The Timmerman family keeps 80 dairy cows in Rouveen, in the province of Overijssel, close to Staphorst. The barn was newly built in 2007 and initially production and health went well. Gradually, however, the claw and udder health, and thus the production, declined. Since two years, the business is flourishing again, because after years of searching and trying, good water in the drinking trough proved to be the missing piece of the puzzle on their farm.
"All attempts to improve health have cost us a lot of labour, worry and money during those years. With today's knowledge, I urge every dairy farmer to improve the water in the trough." Jan Timmerman makes no bones about it: "It took us years to put our finger on the sore spot, but now when I'm in someone else's barn, I notice it immediately: turbid water and slime in the drinking trough is not normal and a drag on the animals. We too first looked for it in feed, cubicle material and medicines, but remember that drinking water is the biggest part of the ration. A cow drinks at least 100 litres a day!"
It took the brothers a while to realise this. "We have a good well and a sand filter to go with it," says Jan. We now know that this makes no difference to the bacteria and biofilm, but at the time we thought this was enough for good water. It wasn't until we disconnected the circulation pump that we saw how filthy our pipes were: lots of sludge and slime. We then sampled the water from the drinking trough - not the tap! - and it turned out to be contaminated.
Brother Klaas adds: "Initially we started working with hydrogen peroxide, but this turned out not to be a good solution. It took half a day to clean the pipes and the next day the bacteria started to grow again and the slime came back. After some inquiries, we decided to buy the Watter system. When the veterinarian visited us after three weeks, he immediately noticed that the animals seemed much less dull; their hair was shining." The dairy farmers themselves also saw results within a week: after 3 to 4 days, the water was clear and the slime layer in the drinking troughs disappeared. "We still have to remove feed residues now and again, but it doesn't rot, and we no longer need to brush to remove slime. The water is clear and stays clear."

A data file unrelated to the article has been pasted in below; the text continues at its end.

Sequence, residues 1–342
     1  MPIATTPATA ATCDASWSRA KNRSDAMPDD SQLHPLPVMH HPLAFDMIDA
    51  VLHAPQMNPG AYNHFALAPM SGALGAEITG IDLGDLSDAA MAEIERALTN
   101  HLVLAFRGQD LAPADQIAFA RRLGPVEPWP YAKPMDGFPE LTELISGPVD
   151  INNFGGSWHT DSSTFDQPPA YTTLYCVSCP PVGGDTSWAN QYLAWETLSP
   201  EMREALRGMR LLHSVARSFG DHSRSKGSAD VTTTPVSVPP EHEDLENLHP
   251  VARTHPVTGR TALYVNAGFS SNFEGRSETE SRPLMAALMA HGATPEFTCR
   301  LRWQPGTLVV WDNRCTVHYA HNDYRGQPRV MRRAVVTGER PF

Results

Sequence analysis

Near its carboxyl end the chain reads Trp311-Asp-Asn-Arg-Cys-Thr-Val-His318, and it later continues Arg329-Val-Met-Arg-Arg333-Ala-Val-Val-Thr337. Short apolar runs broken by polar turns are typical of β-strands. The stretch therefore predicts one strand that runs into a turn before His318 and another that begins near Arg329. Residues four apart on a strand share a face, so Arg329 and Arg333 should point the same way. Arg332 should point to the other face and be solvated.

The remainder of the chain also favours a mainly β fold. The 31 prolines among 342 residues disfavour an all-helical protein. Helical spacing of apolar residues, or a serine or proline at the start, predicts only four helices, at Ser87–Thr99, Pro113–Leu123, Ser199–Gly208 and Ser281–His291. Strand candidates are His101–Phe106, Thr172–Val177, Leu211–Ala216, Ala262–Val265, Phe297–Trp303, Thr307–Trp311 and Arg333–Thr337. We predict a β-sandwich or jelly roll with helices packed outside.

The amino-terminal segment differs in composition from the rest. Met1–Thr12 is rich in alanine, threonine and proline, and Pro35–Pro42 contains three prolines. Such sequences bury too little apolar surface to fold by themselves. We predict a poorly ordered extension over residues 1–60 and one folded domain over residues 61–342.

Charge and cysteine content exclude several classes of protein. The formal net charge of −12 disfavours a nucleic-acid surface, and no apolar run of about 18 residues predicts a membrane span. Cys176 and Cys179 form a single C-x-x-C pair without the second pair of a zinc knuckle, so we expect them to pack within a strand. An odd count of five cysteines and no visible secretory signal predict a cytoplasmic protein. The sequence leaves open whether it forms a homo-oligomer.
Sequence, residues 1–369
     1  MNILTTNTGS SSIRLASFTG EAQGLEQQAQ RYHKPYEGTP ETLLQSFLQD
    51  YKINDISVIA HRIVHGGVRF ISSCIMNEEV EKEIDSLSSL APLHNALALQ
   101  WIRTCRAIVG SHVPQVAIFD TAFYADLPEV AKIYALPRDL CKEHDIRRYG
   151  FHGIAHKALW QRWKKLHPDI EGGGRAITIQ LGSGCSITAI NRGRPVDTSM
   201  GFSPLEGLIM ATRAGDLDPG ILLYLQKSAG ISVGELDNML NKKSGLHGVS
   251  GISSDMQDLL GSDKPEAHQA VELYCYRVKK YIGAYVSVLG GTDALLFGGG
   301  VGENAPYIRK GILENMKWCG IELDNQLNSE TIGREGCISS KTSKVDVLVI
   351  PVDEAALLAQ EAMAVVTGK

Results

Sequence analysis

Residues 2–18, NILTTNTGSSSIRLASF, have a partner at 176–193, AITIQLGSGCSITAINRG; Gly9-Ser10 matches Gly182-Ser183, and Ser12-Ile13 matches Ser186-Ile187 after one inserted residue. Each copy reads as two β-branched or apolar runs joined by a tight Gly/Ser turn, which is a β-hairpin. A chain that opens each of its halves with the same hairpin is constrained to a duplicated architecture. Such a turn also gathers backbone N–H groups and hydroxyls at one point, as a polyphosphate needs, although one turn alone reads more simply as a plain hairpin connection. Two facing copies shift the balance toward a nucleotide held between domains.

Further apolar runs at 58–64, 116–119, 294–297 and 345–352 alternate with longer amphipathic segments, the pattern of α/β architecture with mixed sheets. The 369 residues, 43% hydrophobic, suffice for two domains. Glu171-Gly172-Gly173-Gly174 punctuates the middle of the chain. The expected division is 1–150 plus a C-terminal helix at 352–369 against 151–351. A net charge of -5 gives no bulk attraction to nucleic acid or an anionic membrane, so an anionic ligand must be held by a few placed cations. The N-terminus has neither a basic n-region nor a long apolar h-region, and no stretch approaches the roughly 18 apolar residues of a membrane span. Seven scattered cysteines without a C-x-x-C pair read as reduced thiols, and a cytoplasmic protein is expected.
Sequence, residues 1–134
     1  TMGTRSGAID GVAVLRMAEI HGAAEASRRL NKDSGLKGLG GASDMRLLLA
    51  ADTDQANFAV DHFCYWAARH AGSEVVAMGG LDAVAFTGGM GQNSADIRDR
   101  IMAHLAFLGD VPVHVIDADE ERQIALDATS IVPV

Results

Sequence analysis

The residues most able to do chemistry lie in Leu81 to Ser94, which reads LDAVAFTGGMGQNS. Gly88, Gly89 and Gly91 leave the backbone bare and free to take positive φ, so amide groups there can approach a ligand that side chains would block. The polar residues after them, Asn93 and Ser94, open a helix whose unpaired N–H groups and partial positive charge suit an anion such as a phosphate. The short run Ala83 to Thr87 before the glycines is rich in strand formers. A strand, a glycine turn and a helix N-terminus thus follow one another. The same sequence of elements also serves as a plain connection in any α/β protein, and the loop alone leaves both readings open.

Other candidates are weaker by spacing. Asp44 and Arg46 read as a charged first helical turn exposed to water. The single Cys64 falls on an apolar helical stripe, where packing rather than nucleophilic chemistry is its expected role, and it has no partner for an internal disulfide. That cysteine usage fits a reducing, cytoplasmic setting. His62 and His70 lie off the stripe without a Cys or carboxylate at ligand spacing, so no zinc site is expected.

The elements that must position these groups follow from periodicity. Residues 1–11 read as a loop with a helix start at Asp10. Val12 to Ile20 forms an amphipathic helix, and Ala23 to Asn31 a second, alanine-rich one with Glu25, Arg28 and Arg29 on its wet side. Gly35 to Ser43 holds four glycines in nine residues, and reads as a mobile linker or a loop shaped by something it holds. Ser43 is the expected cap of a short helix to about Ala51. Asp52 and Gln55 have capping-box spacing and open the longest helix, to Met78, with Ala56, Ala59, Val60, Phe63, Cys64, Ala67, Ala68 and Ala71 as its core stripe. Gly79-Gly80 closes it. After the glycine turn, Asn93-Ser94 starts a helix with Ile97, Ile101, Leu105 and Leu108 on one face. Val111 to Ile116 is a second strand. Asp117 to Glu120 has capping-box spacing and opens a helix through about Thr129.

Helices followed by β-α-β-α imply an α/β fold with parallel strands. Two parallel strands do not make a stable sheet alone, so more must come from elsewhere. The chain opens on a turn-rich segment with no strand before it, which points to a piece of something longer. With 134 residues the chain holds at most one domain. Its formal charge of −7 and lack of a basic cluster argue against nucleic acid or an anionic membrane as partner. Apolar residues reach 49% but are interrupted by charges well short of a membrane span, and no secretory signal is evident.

Jan tells us that he did not take any risks with the investment: "Watter has the reputation of being expensive, but it is the best system on the market and we still enjoy it every day. The costs for the trial and the investment in the machine itself afterwards are nothing compared to all the experimental methods, veterinary costs, medicine costs and labour that they have tried before. Besides that, it's extremely profitable."
Klaas says the gains can be seen in several ways: "Since 2019, our animal dosage has dropped from 4 to 1.5. Clean water has an incredible effect on the health of dairy cattle. Milk, of course, also consists largely of water. The BSK, for example, has increased by 1.3 kg with us since then." They attribute at least 70% of this effect to Watter. "Medicines are now getting past their expiry date in the larder, because we don't need them any more. The animals are fitter, eat better and therefore produce more".
The gentlemen can recommend every dairy farmer to invest in the drinking water: "The water can come in as good as it is: because of the influence of pre-cooler, buffer tank, pipe material and location, whether it is in the manure pit or along the roof: the water gets contaminated with bacteria. Regardless of the quality of the water, pipes or drinking trough. We spend a lot of money on barn equipment and rations, while the water plays a huge role. As a dairy farmer, that's where your opportunities lie."
Klaas concludes with a simple tip: "Did you know that a cow has to pee for at least 11 seconds? If she pees for less time she is not drinking enough, which means she is not drinking enough water because the quality is not right." So have your water checked and take action: every bacteria in the water is one too many.